Yesss, I think we need a ‘return to curiosity’ as suggested in this excellent article. Not least because it may take the pressure off knowing everything in this age of information. https://www.theguardian.com/society/commentisfree/2019/mar/21/we-need-a-return-to-curiosity
These are tricky times, I think we may agree that. The political backdrop to our lives is having an unsettling effect. Add to that the inescapable force and pace of social media, and what this psychotherapist sees is anxiety aplenty.
Cue, depression. Anxiety and depression can be a dastardly duo. The good news is that addressing one will often quieten the other. They – like most mental health difficulties – may be eased by looking at both symptoms and root causes.
More good news: there are some daily choices (for most) that can support mental health and resilience. Perhaps you are already well-versed in aspiring to the below, but just in case:
1. Eat well.
2. Sleep well.
4. Be aware of what you enjoy, and do those things – small or big. Let’s assume they aren’t self-destructive please people
5. Be aware of and don’t do (too much) of what you don’t enjoy
6. Be able to say ‘no’ when needed
7. Download the ‘CALM’ or ‘Headspace’ App – and use it
Granted, some of these are biggies that you may need help with. For example, ‘being able to say no’ may open a whole conversation about how you see yourself. But oh so worth looking at – not least because these kinds of roots of difficulty often hold us back in various ways, some of which we may not even be aware of.
I find it unnatural to draw lines between anxiety, depression, roots, symptoms, etc. From nearly a decade of working with clients, I see that working with the whole person, rather than trying to compartmentalise difficulties, is beneficial. People are not linear, so neither is the therapy I offer.
I hasten to add that sometimes it’s necessary to prioritise symptoms – and I think what the NHS provides often does just that. However, this is only part of the work with anxiety, depression, and indeed mental health problems in general.
If your mental health is difficult to manage alone at the moment, symptoms or biggies or otherwise, I hope that you will seek help. The British Association for Counselling and Psychotherapy is a good place to start: www.bacp.co.uk . And I am contactable via the ‘contact tab’ or on 07802510491.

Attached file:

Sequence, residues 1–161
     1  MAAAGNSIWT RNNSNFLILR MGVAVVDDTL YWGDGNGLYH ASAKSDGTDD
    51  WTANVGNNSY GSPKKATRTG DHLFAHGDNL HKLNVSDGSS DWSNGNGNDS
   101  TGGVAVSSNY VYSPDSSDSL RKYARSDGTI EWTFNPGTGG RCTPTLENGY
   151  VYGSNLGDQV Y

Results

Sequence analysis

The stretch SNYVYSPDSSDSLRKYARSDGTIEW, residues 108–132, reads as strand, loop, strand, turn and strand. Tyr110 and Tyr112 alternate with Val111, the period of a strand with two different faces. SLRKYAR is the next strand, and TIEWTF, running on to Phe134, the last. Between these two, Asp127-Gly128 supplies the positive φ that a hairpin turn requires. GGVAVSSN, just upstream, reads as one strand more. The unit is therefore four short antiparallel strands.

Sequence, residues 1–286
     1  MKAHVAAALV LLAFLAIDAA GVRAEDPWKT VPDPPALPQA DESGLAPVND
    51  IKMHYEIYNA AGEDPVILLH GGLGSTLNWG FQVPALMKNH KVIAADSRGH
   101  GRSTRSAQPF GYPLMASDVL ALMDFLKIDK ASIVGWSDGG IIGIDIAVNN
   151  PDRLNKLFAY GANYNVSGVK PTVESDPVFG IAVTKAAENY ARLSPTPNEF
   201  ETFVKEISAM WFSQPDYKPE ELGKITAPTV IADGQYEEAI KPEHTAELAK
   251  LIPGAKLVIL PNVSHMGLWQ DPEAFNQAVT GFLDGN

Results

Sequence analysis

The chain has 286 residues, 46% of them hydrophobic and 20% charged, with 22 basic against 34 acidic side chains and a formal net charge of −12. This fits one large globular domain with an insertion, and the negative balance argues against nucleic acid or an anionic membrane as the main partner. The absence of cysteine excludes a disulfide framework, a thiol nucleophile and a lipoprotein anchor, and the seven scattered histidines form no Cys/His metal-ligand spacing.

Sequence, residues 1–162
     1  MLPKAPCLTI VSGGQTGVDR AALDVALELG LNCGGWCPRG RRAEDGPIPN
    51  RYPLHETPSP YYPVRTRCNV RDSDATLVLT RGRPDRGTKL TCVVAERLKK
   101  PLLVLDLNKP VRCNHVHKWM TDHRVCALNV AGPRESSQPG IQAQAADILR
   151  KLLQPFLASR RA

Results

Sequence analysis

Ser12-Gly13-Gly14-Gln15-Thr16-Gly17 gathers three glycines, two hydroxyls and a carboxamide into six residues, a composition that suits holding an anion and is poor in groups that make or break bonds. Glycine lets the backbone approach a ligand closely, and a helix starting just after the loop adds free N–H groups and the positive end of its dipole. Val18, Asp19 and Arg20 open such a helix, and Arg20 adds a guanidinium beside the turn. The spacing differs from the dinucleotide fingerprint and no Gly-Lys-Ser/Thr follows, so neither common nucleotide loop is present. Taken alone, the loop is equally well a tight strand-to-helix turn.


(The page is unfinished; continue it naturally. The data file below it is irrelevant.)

This morning I flicked open ‘The Collected Poems of W.B. Yeats’ – a gift from some lovely friends – and stumbled upon this beauty. It speaks to me and I hope it will you too.
Sweetheart, do not love too long:
I loved long and long,
And grew to be out of fashion
Like an old song.
All through the years of our youth
Neither could have known
Their own thought from the other’s,
We were so much at one.
But O, in a minute she changed –
O do not love too long,
Or you will grow out of fashion
Like an old song.
This article speaks to the cynic in me – yet my gratitude list is on the go. An easy way to feel a bit better? Yes please. https://www.theguardian.com/lifeandstyle/2018/oct/23/is-gratitude-secret-of-happiness-i-spent-month-finding-out
This article is well worth a read. Hands up here – my subconscious tribalism, for example for causes that I deem to be ‘good’ or ‘right’, is in full swing. You? https://www.wired.com/story/sam-harris-and-the-myth-of-perfectly-rational-thought
What a corker of a term – and a concept. Coined by someone with a corker of a name: Jerold Bozarth, a big fish in the person-centred therapy world, who sadly died last month. I’m grateful to Bozarth, who posited that an empathic response could take a plethora of forms. He discerned exactly how Continue reading “What the **** is ‘idiosyncratic empathy?’”
Madness: a sane response to an insane world? The words give me a shiver; I should announce my bias now. In favour. As a psychotherapist I’m stretched and challenged further by Mullan’s work in terms of how to be with people that are pretty mentally unwell. Continue reading “Film review: Mad to be Normal (2017). Directed by Robert Mullan”